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Joining Forces

Joining Forces

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Architect Craig South discusses how he worked with a client to create two elegant homes that both had access to sun, views and outdoor living.Words: Davina Richards
© Stephen Goodenough PhotographerLocated in a quiet cul-de-sac in urban Christchurch, the award-winning ‘Gleneagles Terrace’ is two large family homes that hug the Wairarapa Stream – which essentially defined the overall design concept. While there was a clear design direction, architect Craig South, of Cymon Allfrey Architects, says planning restrictions were difficult to overcome.
“The stream, although an amazing outlook, meant there was a high proportion of land not able to be built on. However, on the positive side of this was the space left behind; the resultant space with a stream boundary became the focal point. Raking ceilings in both dwellings meant the landscape was drawing you out into it. The stream outlook was always part of your day-to-day as you make your way through the home, with the kitchen as the focal point.”

From the street view, the home deceptively looks like one house, but find the right angle, and you’ll get a glimpse of the stream between the two homes – a clever outcome of thoughtful considerations in a unique landscape. “What could have been a single building was then split to entice a glimpse to the natural waterway via a narrow separation. The dwellings are slightly offset, giving each home the ability to receive an abundance of natural light without compromising privacy to the living and private spaces.”
The exterior displays a compelling expression of white plaster finish and vertical cedar cladding with a smattering of metal, creating an edgy and modern architectural shape of the two homes.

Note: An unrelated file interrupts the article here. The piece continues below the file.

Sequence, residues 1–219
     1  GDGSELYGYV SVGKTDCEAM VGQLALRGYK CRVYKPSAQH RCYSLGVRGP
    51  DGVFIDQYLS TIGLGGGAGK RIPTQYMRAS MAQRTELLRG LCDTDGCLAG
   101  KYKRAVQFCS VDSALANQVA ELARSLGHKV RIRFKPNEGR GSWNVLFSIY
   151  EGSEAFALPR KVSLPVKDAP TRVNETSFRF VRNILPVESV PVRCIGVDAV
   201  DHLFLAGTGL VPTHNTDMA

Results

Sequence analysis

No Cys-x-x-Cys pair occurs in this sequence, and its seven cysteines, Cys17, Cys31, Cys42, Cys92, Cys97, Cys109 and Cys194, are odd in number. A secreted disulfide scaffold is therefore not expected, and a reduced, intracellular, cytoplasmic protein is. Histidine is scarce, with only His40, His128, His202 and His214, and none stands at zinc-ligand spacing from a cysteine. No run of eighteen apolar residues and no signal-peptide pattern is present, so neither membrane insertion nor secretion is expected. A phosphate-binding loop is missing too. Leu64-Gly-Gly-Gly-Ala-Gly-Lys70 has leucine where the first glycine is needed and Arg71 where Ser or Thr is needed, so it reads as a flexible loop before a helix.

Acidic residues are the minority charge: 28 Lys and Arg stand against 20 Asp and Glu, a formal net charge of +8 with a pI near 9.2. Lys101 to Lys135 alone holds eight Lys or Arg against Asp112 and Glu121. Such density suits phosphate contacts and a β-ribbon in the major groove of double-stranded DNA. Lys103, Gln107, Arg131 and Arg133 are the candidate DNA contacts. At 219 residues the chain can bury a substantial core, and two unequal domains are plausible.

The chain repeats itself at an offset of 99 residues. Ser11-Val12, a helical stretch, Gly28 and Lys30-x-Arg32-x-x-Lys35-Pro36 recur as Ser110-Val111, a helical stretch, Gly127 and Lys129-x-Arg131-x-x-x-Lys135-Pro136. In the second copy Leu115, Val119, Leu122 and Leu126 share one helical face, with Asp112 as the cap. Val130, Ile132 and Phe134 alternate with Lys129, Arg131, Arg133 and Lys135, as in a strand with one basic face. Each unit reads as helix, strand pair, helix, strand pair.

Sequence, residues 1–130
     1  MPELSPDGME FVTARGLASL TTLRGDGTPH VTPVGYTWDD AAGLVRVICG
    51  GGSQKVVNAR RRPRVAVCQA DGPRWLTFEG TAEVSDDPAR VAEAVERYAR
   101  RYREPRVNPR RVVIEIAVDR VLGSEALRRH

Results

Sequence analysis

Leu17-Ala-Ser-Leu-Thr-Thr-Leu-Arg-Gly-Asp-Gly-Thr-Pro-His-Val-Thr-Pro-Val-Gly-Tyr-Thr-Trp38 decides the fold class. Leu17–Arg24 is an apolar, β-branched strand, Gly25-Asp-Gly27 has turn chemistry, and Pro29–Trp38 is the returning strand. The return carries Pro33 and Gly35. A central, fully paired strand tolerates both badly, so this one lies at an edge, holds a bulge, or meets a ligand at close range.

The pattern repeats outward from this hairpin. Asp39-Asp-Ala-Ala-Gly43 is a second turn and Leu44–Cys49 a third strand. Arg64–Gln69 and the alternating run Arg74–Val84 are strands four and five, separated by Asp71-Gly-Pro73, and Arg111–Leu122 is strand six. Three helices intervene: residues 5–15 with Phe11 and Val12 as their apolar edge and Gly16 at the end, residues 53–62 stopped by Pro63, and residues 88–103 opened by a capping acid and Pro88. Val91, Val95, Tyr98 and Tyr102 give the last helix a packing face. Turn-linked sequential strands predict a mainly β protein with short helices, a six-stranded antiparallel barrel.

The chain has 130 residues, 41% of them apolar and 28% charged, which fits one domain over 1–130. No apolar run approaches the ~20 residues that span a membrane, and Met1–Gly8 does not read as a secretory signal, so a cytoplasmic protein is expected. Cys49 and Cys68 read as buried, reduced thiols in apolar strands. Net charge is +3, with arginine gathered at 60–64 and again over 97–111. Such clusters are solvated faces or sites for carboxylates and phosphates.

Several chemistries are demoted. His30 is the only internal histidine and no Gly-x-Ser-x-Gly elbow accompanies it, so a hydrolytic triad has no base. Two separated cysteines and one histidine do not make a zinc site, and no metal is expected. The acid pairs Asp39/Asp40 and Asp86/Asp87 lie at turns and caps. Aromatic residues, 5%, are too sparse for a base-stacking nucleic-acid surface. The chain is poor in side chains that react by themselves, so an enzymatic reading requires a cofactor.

“Each home consists of plastered half gables rising up toward the centre, encapsulating the softer material palette of the rich natural cedar, which is running through the centre and out towards the stream.”

© Stephen Goodenough PhotographerBoth homes have large living spaces thanks to the raked ceilings, which maximise the volume and allows natural light to reach greater depths. Complete with a garage, the ground floor contains the main living areas, intentionally placed along the northern edge to make the most of the view: the open-plan kitchen and dining room, guest bedroom with bathroom and two living rooms separated by sliding doors allowing the occupants to adapt the space whenever they needed to.
The upper floor has an additional four bedrooms, including one bathroom to share and a master bedroom with en suite and faces the stream. “Access to the private spaces on the first floor is via a unique stair in each dwelling. Each a focal point when migrating from the entrance through to the living spaces. One with a wine rack within its undercroft, the other with a subtle randomness of tread creating a small study nook under the landing.”

The home offers framed views of the stream which entices occupants and guests towards the landscape. The expansive outdoor areas gives the stream due prominence and are broken into smaller intimate spaces to provide a multitude of entertaining options.
Craig received the 2016 National Residential Multi-Unit Dwelling Resene Architectural Design Award for his design and judges commented that the design’s two parts constitute its compositional whole: “A unifying architectural vocabulary of common elements and details articulate an exemplar of high-end urban infill housing.”